INSKEEP: She says she's joyous even though she voted for John McCain. She says, she better understands what Barack Obama's victory means after these chats.

NORRIS: What it means for someone like Cal Weary, he's a black high school drama teacher, who now wonders if the world sees him in a new way, a thought that crosses his mind while driving from his suburban neighborhood to his job in downtown York.

BLOCK: Maybe I'm imagining it. But I feel like now, sometimes that I'm on my way to work the people who I pass mostly in my car are white, and sometimes I wonder what are they thinking when they see me. Do they think that I'm pulling out in front of their car because now I think that I can get away with it?


BLOCK: Or do they realize that I am just a jerk when I drive. I'm hoping that I'm not adding to any anxiety they might be feeling since my - since where I live basically voted for McCain.

INSKEEP: Beyond some of our voters' changing perceptions, there is a reality, and that reality is that, come January, a black family is moving into the White House. It's a new chapter for America that raises new questions.

NORRIS: Will that diffuse or ignite racial tensions?

INSKEEP: Will a black president from a big city face new opportunities or new obstacles?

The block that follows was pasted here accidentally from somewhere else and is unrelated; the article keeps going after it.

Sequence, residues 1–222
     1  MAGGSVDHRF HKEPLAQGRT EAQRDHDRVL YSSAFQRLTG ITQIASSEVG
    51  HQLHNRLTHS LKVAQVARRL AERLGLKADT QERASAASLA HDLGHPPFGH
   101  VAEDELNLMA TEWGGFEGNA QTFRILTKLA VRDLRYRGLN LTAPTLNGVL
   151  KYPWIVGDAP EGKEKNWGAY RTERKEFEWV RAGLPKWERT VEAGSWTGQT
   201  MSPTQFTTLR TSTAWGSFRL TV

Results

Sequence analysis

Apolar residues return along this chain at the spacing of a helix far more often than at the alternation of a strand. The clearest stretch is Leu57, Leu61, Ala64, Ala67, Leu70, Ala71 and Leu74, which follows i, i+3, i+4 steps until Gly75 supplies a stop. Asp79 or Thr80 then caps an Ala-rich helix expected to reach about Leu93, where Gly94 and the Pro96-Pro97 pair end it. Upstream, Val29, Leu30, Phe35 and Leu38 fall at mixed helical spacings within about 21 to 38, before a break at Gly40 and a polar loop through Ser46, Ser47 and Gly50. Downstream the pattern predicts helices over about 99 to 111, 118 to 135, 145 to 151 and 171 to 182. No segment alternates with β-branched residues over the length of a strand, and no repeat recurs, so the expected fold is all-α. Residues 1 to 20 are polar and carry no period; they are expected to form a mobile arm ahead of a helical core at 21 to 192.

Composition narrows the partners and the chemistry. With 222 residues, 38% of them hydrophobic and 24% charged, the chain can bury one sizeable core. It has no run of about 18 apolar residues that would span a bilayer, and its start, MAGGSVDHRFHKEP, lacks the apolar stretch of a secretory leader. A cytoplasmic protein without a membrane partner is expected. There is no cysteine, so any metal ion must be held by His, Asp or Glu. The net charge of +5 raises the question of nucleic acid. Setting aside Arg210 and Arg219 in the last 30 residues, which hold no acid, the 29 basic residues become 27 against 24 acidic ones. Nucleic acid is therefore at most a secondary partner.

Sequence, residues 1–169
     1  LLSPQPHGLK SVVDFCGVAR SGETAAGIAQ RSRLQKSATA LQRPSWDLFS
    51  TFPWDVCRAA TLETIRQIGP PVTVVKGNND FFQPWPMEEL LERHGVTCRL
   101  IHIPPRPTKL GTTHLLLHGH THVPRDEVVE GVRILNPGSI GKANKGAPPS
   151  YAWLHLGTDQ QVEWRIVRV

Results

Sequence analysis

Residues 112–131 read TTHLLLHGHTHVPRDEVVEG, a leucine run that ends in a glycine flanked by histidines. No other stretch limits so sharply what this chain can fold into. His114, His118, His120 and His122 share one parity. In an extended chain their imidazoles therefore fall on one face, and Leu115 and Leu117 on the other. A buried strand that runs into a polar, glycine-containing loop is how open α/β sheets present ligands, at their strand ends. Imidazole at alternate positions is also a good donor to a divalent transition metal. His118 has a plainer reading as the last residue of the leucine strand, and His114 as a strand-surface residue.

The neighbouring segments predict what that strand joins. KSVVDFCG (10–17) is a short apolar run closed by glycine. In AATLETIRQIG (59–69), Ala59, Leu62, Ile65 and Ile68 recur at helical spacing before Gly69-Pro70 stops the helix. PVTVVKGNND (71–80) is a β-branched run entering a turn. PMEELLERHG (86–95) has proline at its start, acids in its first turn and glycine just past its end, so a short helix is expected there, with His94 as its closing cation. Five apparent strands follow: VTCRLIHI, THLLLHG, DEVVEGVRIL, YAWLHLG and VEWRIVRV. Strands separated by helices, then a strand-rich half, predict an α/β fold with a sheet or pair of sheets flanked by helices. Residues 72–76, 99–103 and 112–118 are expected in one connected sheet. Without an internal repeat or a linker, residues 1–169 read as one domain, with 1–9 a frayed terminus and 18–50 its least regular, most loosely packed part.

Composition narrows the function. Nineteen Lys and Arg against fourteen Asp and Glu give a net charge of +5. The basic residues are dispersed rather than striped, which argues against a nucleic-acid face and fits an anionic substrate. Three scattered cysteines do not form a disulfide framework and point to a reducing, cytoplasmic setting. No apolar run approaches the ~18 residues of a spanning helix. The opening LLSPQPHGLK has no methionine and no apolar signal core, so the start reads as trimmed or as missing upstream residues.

NORRIS: And this question.

INSKEEP: Do you think an African-American president is going to have to tread more carefully than a white president might have to?

BLOCK: Margie here. I don't actually think he's going to have a hard time with it, because the election has shown that.

INSKEEP: That's Margie Orr, she's black and works for a civil rights organization.

BLOCK: I mean, I think people who have stood by him during the elections and who have actually voted him in are going to stand with him through the duration. I think they are going to work with Obama in trying to make these changes, and so what if he leans more toward getting things solved for blacks. Isn't it about time?

INSKEEP: That's one view, but some of our voters warned that Obama might confront a political irony.

NORRIS: And here it is. Republican attorney Jeff Lobach, who is white, says a black president can't show favoritism toward blacks.

BLOCK: If there's a perception that there's a minority agenda at work, which I don't think is going to happen, but if that were to occur I think he'd lose political support.